Engaging the Public: Grassroots Lobbying

The Traditional Media

Elected officials very closely monitor how they are covered in local media. Using the news media and paid advertising to urge public action on legislative issues is grassroots lobbying, as defined by the IRS. The basic approaches are:

  • Meeting with radio, television, print, and digital editorial boards to encourage them to take a specific position on an issue, and to encourage a specific editorial or column about the issue.
  • Guest columns, blogs, or op-eds written by your board president, conductor, manager, or other appropriate spokesperson.
  • News releases or media advisories sent to media outlets.
  • Press conferences and photo opportunities at events.
  • Appearing on a radio or television talk show; calling in to such programs when your issue is up for discussion.
  • Paid advertising to deliver your message or pooling coalition resources to buy local ads on an issue.

The Audience

This is grassroots lobbying in its purest form. Over many years, orchestras have from time to time gone to their audiences to seek support on important issues: a local tax earmarked for arts support, calls or letters to members of Congress to support the National Endowment for the Arts, and other issues. Patrons may be asked to:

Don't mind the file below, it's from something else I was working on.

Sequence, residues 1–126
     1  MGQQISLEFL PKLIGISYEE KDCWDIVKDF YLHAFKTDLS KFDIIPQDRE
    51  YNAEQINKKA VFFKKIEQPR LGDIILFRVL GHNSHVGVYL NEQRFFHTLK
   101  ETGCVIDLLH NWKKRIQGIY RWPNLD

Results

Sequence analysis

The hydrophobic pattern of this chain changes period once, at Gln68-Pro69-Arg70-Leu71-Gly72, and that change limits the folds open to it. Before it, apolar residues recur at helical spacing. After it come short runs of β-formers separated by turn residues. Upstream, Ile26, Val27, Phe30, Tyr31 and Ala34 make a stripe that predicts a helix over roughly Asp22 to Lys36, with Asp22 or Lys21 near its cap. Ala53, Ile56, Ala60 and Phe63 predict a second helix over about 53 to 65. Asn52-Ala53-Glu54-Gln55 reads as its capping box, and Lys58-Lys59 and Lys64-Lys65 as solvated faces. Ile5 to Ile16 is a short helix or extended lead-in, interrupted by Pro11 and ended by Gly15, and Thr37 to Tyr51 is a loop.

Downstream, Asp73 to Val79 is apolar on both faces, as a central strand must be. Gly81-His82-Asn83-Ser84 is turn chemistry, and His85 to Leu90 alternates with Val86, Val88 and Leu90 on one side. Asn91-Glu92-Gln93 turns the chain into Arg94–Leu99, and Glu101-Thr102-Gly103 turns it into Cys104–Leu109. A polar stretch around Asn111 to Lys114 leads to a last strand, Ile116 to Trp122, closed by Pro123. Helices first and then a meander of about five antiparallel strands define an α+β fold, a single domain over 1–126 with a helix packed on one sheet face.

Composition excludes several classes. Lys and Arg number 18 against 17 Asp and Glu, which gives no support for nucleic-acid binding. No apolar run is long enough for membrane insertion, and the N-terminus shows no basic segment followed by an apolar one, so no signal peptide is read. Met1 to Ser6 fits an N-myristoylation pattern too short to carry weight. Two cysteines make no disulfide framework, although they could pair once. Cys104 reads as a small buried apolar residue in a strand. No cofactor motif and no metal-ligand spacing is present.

• Respond to action alerts to be sent by the orchestra calling on them to write their own letters and social media messages, or to make calls to legislators.
  • Attend a special public event on the issue, or be asked to attend the legislator’s next “town meeting” and raise the issue in person.
  • Participate in a Twitter town hall urging action.

Flyers on the seats, messages in the program books, brief remarks from the podium by the board president or conductor, signs in the lobby, and letters to your subscribers constitute the main ways you might involve your audiences.

Remember to check your facts and test your pitch before you publish anything or speak to the audience. Try it out on your peers to see if it’s clear and would be well received by your audience. Always remember to keep your messages completely non-partisan in both content and tone.

Social Media

Using social media channels to urge legislative action is also considered grassroots lobbying. More and more, legislators at the federal, state, and local levels are receiving their news and constituent feedback through social media.

This opportunity to directly engage is constantly changing through new tools, so basic tenets are to use your best judgement and be open to innovation.

  • Start following the social media feeds of your legislators. Twitter and Facebook remain the most commonly used, but some staff use Instagram and some legislators who want to be a thought leader on a certain topic are using LinkedIn.
  • Legislators are increasingly using Twitter and Facebook for virtual town halls, live video feeds, and to post events or accomplishments.
  • With the advent of Facebook Live, you can be notified when the legislator is using this function. The legislator can see your comments and questions in real time.
  • In a study by the Congressional Management Foundation, 71 percent of Hill staff said that the more people affiliated with a specific group or cause respond to a legislator’s social media post, the more likely they will have “some” or “a lot” of influence on the lawmaker’s decisions.